Review of In My Time: A Personal and Political Memoir. By Dick Cheney with Liz Cheney. Threshold Editions. 565 pp. $35.
After September 11, 2001, leaders in the House of Representatives and the United States Senate were evacuated from Washington, D.C. When Senator Don Nickles of Oklahoma asked why the executive branch should decide when members of Congress could return to the nation's capital, Vice President Dick Cheney replied, "Because we've got the helicopters."
He wasn't really joking. The Darth Vader of the Bush Administration, Cheney wielded more power -- and was more dismissive of Congressional prerogatives -- than any vice president in American history.
With In My Time, Cheney, who had a left ventricle assist device implanted in his heart in 2010, enters the legacy business. He remains very much in character. Demonstrating that he has forgotten nothing and learned nothing, Cheney delivers a polemical, take-no-prisoners defense of every single position he took as vice president.
The memoir is awash in unsubstantiated assertion, distortion and omission. The Bush Administration, Cheney notes, in a two paragraph analysis, was "committed to keeping spending down." This task, he indicates, vaguely (and ungrammatically), was "sometimes performed better than others." A budget review panel, which he chaired, Cheney boasts, worked so well that it "did not have to meet very often, particularly after one cabinet member made an appeal that resulted in her budget numbers being lowered." Although he identifies himself as a fiscal conservative, Cheney does not mention the devastating impact on the federal deficit of two unfunded wars, an unfunded prescription drug plan, and two rounds of tax cuts (whose benefits flowed to the wealthiest Americans).
Even with "the benefit of hindsight," Cheney continues to insist that "there was no place more likely to be a nexus of terrorism and WMD capability than Saddam Hussein's Iraq." He relies, as he has for almost a decade, on phrases from CIA reports about "contacts" between terrorists and Iraqi officials, the discredited information, cited by President Bush in his 2003 State of the Union Address, that Saddam Hussein sought to purchase uranium from Niger to build a nuclear bomb, and the discovery of what David Kay, chair of the Iraq Survey Group, called "WMD related program activities."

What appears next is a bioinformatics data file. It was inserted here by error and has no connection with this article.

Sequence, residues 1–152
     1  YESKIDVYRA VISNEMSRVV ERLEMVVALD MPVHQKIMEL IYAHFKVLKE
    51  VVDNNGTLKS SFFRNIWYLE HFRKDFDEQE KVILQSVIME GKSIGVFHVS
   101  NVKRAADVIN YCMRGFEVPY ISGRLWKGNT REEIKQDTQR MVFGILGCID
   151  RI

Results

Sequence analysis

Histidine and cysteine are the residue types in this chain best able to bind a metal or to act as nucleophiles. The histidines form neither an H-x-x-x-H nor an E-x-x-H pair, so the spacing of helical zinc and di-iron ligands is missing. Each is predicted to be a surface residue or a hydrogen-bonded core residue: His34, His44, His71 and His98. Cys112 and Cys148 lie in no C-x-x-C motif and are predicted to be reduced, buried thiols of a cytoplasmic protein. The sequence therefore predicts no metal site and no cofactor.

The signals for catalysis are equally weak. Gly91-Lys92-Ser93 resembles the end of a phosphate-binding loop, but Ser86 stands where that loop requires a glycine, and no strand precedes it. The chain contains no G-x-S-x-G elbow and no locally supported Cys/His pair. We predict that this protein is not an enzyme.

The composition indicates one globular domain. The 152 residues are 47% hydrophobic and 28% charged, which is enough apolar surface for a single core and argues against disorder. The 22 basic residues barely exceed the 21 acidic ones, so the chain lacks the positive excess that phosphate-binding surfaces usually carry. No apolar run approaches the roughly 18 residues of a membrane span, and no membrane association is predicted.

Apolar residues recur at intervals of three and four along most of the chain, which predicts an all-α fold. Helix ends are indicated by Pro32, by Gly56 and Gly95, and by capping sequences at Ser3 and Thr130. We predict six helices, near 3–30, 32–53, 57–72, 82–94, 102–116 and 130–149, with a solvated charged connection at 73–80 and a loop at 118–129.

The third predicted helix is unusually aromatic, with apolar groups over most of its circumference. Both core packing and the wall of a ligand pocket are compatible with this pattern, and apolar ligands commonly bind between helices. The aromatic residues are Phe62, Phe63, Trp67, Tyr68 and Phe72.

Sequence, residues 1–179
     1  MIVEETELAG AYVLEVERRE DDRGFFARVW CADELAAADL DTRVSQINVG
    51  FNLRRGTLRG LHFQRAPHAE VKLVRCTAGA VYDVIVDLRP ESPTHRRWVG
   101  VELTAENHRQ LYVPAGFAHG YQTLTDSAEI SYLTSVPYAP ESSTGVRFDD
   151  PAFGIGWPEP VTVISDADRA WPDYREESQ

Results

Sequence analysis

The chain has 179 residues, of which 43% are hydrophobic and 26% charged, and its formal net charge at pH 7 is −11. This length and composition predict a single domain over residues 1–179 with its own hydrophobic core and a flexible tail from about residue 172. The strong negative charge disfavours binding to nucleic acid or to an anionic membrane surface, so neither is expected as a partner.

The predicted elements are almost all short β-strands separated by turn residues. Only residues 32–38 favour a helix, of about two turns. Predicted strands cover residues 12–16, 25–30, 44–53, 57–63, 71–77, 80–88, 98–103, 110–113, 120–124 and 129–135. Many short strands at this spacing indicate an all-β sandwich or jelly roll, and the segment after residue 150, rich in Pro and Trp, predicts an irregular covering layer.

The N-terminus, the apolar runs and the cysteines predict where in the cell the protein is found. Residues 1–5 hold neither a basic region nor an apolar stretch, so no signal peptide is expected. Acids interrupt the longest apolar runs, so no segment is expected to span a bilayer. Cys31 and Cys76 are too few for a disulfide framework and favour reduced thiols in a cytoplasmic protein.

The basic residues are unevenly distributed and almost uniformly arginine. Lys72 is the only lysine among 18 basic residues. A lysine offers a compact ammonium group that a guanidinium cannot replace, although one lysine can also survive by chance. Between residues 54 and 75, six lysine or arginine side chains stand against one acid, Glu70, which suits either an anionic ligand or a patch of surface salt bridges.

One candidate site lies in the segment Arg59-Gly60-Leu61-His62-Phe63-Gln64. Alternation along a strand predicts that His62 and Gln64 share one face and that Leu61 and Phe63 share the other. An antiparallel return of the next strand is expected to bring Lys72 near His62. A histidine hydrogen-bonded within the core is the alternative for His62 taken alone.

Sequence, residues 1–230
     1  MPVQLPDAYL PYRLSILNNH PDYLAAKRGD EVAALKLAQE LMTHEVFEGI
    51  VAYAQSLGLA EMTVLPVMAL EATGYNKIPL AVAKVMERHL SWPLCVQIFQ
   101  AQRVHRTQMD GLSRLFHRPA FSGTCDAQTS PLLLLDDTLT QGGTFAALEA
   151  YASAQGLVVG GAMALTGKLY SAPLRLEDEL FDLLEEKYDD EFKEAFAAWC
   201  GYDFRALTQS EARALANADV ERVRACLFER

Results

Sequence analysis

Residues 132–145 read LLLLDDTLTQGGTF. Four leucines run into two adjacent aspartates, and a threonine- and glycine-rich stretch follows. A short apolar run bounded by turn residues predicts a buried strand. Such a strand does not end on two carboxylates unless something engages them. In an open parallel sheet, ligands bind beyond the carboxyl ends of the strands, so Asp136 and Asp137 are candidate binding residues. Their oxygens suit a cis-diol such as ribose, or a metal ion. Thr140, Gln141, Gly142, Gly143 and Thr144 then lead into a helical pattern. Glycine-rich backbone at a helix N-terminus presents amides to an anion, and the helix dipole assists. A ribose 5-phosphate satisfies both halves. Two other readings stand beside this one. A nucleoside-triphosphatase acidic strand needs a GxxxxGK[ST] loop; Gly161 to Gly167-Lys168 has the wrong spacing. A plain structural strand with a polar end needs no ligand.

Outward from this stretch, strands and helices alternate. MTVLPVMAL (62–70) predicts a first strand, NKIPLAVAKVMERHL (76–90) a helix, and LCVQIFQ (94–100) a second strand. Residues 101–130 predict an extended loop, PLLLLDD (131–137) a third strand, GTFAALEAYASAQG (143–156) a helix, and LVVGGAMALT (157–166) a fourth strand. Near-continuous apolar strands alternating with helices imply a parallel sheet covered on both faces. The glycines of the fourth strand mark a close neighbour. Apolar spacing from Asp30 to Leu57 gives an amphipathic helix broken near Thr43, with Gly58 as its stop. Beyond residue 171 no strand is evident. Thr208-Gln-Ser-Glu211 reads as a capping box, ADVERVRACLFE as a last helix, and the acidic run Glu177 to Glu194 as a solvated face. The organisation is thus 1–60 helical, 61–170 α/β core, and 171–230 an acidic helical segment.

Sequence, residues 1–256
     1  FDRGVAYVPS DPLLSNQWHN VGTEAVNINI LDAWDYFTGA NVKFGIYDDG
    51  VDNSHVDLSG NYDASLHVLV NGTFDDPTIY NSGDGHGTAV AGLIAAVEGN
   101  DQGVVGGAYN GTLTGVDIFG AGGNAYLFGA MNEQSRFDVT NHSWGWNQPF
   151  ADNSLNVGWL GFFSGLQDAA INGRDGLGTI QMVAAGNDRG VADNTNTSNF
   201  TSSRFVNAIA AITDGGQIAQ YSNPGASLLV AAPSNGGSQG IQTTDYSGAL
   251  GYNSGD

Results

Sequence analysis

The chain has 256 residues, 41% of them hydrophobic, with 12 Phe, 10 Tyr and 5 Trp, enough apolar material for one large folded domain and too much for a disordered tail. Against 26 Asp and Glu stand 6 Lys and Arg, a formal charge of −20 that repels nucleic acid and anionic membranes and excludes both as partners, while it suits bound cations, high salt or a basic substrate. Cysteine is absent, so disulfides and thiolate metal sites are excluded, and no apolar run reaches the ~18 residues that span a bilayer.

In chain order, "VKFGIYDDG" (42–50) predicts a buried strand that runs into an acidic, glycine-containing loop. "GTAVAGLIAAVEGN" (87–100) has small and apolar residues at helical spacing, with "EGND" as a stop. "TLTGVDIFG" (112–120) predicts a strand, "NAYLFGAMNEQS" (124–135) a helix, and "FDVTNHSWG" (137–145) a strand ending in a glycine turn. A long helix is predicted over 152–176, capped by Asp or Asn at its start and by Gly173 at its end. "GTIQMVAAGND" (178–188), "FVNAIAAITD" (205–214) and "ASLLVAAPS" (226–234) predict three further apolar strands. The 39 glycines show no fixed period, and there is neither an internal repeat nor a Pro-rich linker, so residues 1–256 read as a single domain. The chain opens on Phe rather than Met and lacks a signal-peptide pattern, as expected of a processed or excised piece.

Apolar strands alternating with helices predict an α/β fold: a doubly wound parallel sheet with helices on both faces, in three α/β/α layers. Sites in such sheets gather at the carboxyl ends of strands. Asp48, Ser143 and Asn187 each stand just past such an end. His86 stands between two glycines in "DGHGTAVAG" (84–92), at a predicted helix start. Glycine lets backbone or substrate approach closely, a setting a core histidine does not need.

The evidence Cheney recycles falls woefully short of a slam-dunk case that the threat posed by Saddam to the national security of the United States was so substantial and imminent as to justify a preemptive war. Equally important, Cheney presents no evidence at all that Americans are safer because we deposed Saddam and occupied Iraq.
When he turns to warrantless wiretapping, the prisoners at Guantanamo Bay and Abu Ghraib, and "enhanced interrogation techniques," Cheney sticks to a shopworn script as well. He neglects to mention that the courts established by the Foreign Intelligence Surveillance Act of 1978 gave government officials great latitude to spy on suspected terrorists. Nonetheless, because parts of the program "remain classified," he asks us to accept on faith that the National Security Agency needed expanded authority, that the program was legal, that the objections of Attorney General John Ashcroft and Deputy Attorney General James Comey were unfounded, that the New York Times story about NSA surveillance put national security at risk, and that the surveillance initiative "saved lives and prevented attacks."
Cheney continues to believe that "detainees" of the Afghanistan and Iraq wars do not qualify for Geneva Convention protection. They are terrorists, he declares, who target civilians and have "committed horrific acts of savagery and welcomed a fight to the death." Unconcerned, apparently, that these prisoners have not been charged, let alone convicted, of anything, he shrugs off the critique of civil libertarians, judges, and informed citizens throughout the world, content that they be held "for the duration of the conflict" (even if it's only slightly shorter than forever).
Citing opinions from lawyers inside the Bush Administration, Cheney claims that "enhanced interrogation techniques" were legal. Even though he cannot "reveal much about it," he asserts, waterboarding was the only method that could work with Abu Zubaydah and Khalid Sheikh Mohammed. The views of the United States Senate (that the interrogations be conducted under the rules of the Army Field Manual) and the decision of the U.S. Supreme Court in Hamdan V. Rumsfeld does not give him pause. To date Cheney has declined to say whether it would be legitimate for other countries to subject Americans to waterboarding.
Now that Cheney no longer has helicopters, his arguments seem neither powerful nor persuasive. At odds with the recollections of George W. Bush, his "Dick, what do you think we ought to do?" account of the Oval Office meeting that preceded the air strike against Iraq, seems self-aggrandizing. His attacks on Colin Powell and Condoleezza Rice seem gratuitous and mean-spirited.
Let's hope that Cheney's time has come and gone. And that we, the people for whom he has so little respect, will repair the damage and restore our democracy.